Sidewalk vending is decriminalized across California
LOS ANGELES — Gov. Jerry Brown signed a bill Monday decriminalizing sidewalk vending in the state and requiring cities that want to regulate the industry to first create a permit process.
Senate Bill 946 was authored by Sen. Ricardo Lara, D-Bell Gardens, who said part of his motivation was because many sidewalk vendors are immigrants who are in the country illegally, and a criminal violation could lead to deportation.
The bill comes after the issue has been in the headlines in Los Angeles over the last several years, as the City Council voted in February 2017 to stop making street vending a misdemeanor criminal charge, although it is still working on a permit system for the industry.
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“I feel excited with the news of Governor Brown signing SB946,” said Caridad Vasquez, a leader of the Street Vendor Campaign. “Before we were working in the shadows, now we will be seen by everyone and can contribute to our economy openly.”
The bill, which goes into effect on Jan. 1, establishes minimum standards for sidewalk vending regulations and would not permit local governments to prevent sidewalk vending in an area unless there is a health, safety, or welfare issue. Vendors who were previously convicted of sidewalk vending violations may also petition the court for a dismissal of the conviction.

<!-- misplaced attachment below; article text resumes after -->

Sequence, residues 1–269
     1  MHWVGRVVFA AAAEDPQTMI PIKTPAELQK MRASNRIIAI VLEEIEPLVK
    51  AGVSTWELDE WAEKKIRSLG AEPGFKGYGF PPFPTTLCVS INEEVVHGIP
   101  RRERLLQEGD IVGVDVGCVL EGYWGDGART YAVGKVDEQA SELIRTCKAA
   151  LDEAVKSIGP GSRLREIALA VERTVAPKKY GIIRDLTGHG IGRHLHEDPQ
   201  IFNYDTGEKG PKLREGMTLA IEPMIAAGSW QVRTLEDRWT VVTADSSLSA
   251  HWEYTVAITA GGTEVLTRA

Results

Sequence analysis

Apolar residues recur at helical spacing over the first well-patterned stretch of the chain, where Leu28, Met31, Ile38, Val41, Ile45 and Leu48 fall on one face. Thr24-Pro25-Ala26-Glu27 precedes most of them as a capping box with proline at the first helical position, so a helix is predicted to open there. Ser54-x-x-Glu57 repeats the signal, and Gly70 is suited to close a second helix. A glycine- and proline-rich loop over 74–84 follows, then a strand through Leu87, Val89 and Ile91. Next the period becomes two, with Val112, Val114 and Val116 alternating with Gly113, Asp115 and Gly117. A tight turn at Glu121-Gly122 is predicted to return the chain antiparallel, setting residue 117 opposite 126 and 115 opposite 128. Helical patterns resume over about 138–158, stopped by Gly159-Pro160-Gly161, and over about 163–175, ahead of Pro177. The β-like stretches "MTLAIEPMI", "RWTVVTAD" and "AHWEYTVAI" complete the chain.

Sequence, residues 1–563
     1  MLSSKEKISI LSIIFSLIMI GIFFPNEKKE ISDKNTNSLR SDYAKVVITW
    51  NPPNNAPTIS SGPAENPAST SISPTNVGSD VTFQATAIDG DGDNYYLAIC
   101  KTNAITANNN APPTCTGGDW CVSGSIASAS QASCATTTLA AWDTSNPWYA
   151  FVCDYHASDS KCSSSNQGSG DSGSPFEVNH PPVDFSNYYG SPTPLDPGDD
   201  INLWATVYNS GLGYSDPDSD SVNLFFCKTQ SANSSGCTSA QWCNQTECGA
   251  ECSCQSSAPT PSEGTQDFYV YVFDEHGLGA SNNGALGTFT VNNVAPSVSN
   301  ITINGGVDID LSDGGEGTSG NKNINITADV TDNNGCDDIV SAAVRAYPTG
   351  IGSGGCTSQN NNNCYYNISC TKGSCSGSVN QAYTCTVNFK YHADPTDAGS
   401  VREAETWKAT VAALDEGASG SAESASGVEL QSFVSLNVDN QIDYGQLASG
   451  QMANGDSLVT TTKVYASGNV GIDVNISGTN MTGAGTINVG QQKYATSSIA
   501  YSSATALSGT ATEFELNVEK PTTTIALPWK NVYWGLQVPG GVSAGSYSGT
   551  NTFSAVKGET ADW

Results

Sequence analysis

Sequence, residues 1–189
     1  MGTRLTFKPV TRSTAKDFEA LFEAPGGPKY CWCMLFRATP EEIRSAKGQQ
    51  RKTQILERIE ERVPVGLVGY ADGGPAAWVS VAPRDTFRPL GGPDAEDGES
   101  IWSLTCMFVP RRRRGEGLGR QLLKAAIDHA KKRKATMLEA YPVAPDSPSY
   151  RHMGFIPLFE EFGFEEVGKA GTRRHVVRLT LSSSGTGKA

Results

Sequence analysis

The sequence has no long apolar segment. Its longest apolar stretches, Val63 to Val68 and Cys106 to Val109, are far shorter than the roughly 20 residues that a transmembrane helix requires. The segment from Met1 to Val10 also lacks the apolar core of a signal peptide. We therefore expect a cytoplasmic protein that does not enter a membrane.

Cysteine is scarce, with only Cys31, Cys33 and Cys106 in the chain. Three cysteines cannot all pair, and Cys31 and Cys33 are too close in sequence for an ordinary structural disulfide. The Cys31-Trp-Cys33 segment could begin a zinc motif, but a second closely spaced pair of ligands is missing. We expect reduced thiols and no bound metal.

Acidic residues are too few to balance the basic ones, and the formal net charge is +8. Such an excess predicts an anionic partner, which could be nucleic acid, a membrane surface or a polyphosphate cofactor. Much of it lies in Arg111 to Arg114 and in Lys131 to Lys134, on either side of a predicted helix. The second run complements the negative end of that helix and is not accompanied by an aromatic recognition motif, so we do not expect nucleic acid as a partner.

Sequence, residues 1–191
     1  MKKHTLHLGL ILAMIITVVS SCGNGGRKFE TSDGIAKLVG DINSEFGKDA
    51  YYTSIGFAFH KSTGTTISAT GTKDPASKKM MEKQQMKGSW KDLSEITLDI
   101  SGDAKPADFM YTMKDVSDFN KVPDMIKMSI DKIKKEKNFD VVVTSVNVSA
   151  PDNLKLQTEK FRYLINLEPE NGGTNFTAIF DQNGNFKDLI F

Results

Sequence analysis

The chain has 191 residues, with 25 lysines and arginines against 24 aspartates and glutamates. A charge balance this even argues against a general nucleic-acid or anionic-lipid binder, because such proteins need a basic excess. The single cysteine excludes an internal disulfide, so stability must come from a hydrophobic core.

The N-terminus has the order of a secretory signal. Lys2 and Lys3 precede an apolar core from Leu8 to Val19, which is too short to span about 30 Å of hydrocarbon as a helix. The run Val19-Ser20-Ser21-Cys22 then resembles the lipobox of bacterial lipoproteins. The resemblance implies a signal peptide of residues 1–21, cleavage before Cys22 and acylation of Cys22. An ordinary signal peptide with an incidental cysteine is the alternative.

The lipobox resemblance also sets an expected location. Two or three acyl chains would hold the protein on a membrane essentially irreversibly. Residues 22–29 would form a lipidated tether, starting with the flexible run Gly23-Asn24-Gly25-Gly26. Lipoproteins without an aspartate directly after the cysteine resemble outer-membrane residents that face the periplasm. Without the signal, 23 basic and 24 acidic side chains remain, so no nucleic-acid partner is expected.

On Twitter, Lara wrote that “we can start seeing vendors for who they are — women, seniors, parents & micro-business owners. Ending criminal penalties & letting people contribute to the local economy!”
In April, the Los Angeles City Council directed the city’s attorneys to draft a proposed sidewalk vending ordinance that would limit many blocks to two vendors but would allow for the creation of special vending zones where more would be allowed. The draft ordinance has not come back to the City Council for a vote.